By Matthew Lennox, Stormseal.
When you are dealing with a storm-damaged building, there are many factors that can influence your decision on how to keep the building safe. When the customers are stressed and the jobsite is a disaster, it is easy to have two minds about the best way to protect the structure from further weather damage. For years, it was common practice to put a tarp over the damage. Truthfully, a building should be fine if the building structure is only moderately damaged, and repairs will happen soon after. So when should you use Stormseal? Read on for expert advice on the best time to use Stormseal on your project.
In cases of widespread disasters, complex structures or unusual building materials – any time when repairs are likely to be delayed – tarps just don’t make sense. Because as time passes, the risk of tarp failure increases, and when tarps leak, flap, collapse under pooling rainwater, or fly away, more damage results. As months go by, tarps fail repeatedly and insurance claims rise, along with the stress levels of property owners and occupants.
Frustration with tarps led to my invention of Stormseal: a lightweight but strong polymer film that heat-shrinks to securely wrap damaged structures. 100% waterproof, Stormseal withstands high winds and heavy hail, staying put for up to 12 months. It’s protected more than 10,000 storm-damaged structures of all shapes and sizes, around the world.
To help insurers and roofers decide when to tarp and when to Stormseal, they can use this quick make-safe quiz.
If the answer is ‘Yes’ to any of the following questions, there is likely to be a long delay before permanent repairs, making Stormseal the smart choice for property protection.
1. Is the property one of many damaged in a catastrophic event?
2. Is further wind, rain or hail likely?
3. Has the property suffered structural damage?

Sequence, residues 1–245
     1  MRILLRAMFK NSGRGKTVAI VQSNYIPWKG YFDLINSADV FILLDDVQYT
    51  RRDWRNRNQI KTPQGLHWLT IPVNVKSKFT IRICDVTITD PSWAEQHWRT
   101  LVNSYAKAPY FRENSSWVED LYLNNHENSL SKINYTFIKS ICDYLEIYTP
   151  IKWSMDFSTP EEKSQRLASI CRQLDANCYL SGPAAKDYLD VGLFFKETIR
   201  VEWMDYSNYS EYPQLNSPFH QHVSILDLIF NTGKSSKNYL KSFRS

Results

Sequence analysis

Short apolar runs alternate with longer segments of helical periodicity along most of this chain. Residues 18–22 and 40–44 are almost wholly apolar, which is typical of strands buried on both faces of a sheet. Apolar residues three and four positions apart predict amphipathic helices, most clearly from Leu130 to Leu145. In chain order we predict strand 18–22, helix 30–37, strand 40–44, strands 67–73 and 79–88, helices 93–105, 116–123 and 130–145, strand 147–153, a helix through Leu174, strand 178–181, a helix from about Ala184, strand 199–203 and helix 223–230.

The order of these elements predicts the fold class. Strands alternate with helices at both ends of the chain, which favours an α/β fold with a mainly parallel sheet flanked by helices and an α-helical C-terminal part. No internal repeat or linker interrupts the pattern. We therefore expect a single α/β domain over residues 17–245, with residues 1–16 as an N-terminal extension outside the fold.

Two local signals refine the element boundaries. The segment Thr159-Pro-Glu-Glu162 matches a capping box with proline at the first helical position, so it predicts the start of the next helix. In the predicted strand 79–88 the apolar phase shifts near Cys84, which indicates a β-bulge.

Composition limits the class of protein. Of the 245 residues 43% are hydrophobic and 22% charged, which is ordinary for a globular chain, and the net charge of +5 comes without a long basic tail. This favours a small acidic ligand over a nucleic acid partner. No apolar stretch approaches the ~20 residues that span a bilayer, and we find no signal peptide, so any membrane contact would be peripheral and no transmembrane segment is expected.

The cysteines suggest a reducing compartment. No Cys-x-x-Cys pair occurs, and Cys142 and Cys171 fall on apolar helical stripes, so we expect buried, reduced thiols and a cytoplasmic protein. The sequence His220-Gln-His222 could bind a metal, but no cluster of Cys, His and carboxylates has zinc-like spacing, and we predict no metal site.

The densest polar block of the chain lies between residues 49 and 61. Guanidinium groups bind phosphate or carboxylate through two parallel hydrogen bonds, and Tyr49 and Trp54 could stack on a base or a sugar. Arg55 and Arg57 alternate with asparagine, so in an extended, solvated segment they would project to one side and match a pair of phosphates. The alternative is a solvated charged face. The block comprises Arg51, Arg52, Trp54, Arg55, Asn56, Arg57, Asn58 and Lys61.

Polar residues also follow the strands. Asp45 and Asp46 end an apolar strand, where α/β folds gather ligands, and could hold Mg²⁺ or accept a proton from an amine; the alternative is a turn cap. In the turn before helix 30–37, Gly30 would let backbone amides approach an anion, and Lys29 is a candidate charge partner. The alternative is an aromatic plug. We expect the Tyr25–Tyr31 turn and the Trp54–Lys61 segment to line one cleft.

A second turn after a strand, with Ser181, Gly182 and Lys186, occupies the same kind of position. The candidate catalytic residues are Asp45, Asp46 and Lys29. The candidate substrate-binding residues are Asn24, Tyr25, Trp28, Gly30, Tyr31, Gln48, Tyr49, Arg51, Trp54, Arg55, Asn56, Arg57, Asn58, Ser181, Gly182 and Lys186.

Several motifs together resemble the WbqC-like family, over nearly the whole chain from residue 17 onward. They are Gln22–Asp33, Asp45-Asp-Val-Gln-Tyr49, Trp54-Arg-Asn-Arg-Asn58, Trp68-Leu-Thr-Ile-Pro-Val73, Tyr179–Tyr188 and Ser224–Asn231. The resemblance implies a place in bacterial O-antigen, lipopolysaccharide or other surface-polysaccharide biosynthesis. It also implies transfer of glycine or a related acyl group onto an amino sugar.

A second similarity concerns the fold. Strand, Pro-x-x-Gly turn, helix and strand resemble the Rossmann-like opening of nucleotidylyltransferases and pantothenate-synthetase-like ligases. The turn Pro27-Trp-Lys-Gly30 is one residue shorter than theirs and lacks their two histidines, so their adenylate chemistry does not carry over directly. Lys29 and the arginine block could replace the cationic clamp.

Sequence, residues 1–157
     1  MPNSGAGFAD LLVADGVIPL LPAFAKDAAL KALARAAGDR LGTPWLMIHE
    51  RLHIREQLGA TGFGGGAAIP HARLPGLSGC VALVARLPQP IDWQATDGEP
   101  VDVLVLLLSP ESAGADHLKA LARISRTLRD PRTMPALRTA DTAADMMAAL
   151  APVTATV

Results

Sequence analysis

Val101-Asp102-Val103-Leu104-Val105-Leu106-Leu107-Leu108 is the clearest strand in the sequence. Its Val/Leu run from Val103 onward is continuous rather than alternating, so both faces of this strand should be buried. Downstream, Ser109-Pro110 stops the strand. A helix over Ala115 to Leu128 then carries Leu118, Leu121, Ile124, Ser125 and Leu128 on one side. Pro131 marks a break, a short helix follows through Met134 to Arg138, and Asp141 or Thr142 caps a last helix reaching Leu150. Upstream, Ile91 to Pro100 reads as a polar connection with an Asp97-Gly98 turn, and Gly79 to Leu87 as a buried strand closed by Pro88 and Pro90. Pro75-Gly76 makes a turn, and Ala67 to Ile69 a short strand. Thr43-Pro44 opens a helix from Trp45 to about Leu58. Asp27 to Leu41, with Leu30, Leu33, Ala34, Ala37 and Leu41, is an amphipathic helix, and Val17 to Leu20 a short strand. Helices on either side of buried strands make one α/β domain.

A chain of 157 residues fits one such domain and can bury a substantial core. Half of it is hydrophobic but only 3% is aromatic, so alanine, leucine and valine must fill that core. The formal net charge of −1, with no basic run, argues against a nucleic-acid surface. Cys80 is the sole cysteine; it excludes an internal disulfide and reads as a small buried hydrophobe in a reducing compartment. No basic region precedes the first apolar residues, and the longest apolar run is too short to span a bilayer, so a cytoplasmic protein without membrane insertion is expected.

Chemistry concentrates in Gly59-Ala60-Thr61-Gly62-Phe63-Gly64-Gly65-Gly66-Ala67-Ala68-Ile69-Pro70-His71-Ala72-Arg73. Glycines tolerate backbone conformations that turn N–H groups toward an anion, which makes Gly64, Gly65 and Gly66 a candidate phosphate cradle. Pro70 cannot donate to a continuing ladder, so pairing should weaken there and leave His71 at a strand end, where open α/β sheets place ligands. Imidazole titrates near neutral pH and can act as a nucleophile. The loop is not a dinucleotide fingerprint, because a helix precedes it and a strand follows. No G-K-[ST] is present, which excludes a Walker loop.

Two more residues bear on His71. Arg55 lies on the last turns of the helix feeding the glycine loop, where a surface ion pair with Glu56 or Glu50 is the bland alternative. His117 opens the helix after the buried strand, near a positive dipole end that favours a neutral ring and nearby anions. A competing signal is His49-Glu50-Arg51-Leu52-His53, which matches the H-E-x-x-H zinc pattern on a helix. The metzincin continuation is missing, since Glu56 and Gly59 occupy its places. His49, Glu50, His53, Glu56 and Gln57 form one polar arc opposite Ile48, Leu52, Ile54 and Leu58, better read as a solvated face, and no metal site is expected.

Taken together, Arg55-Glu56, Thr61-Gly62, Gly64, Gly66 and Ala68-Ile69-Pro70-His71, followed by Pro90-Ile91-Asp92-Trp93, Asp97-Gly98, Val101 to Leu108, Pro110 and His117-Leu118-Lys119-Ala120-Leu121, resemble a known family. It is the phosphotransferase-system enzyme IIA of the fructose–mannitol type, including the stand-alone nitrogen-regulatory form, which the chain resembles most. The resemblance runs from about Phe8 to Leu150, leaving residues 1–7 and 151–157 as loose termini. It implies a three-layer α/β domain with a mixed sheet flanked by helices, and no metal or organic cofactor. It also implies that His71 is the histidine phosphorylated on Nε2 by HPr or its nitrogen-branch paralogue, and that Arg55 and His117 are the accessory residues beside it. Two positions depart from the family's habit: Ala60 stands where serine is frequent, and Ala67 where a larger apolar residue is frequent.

4. Are the roof materials unusual?
5. Is the value of the repair/property/contents high?
6. Is the property a business location?
7. Is it a contentious claim or likely to be cash-settled?
In these situations, Stormseal is win-win-win:
The property owner can continue business as usual, with peace of mind that they and their possessions are safe.
The roofer gets a happy customer who will likely call them back to replace the roof – and won’t call them in the middle of the night to fix a broken tarp.
The insurer pays out less in damages and keeps their customer satisfied.
1 - Structural damage (e.g. from a tree fall or very strong wind) will require time-consuming assessment by an engineer before their recommended repairs can be made.
2 - Unusual roof materials (e.g. vintage tiles, bespoke materials or asbestos) will be difficult to procure, and asbestos requires special handling, so in either case, repairs will be delayed.
3 - If business (including work from home) cannot continue, economic loss coverage may apply. Installing Stormseal prevents this expense by keeping the premises weatherproof and safe, enabling business to continue with minimal disruption.
4 – The purpose of a cash settlement is to simplify and shorten the claim process. Using tarpaulins on the property is likely to complicate and extend any dispute about pre-existing damage/condition and its associated costs as the insurer will be liable for any further damage caused by tarp failure.
Original article source: Stormseal